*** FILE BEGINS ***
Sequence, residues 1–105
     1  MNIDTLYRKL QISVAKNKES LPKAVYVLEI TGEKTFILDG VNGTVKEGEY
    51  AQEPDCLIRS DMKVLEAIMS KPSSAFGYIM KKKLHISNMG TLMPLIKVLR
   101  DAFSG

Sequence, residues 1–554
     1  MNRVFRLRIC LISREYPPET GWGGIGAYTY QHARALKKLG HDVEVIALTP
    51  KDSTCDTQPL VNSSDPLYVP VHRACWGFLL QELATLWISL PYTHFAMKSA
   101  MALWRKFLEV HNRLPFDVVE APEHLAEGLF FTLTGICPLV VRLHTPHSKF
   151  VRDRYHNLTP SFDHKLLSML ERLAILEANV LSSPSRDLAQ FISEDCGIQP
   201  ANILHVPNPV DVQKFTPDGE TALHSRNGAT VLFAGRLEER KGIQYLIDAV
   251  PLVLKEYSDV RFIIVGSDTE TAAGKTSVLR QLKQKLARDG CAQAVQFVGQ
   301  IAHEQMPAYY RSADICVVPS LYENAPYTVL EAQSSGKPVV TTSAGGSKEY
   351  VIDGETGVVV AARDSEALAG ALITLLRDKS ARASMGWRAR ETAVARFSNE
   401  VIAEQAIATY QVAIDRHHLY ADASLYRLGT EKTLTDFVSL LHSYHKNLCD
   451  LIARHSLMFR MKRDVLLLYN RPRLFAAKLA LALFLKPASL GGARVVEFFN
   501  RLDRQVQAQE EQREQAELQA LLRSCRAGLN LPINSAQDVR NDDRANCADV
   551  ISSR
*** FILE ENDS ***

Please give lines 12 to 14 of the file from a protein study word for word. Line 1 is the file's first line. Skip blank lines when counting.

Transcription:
   301  IAHEQMPAYY RSADICVVPS LYENAPYTVL EAQSSGKPVV TTSAGGSKEY
   351  VIDGETGVVV AARDSEALAG ALITLLRDKS ARASMGWRAR ETAVARFSNE
   401  VIAEQAIATY QVAIDRHHLY ADASLYRLGT EKTLTDFVSL LHSYHKNLCD